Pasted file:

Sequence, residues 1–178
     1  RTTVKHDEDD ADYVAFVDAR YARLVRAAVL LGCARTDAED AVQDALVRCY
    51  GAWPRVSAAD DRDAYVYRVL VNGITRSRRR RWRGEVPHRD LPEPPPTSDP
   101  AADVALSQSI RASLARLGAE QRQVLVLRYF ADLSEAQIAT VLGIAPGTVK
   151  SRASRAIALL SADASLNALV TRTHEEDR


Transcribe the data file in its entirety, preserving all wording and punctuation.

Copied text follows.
Sequence, residues 1–178
     1  RTTVKHDEDD ADYVAFVDAR YARLVRAAVL LGCARTDAED AVQDALVRCY
    51  GAWPRVSAAD DRDAYVYRVL VNGITRSRRR RWRGEVPHRD LPEPPPTSDP
   101  AADVALSQSI RASLARLGAE QRQVLVLRYF ADLSEAQIAT VLGIAPGTVK
   151  SRASRAIALL SADASLNALV TRTHEEDR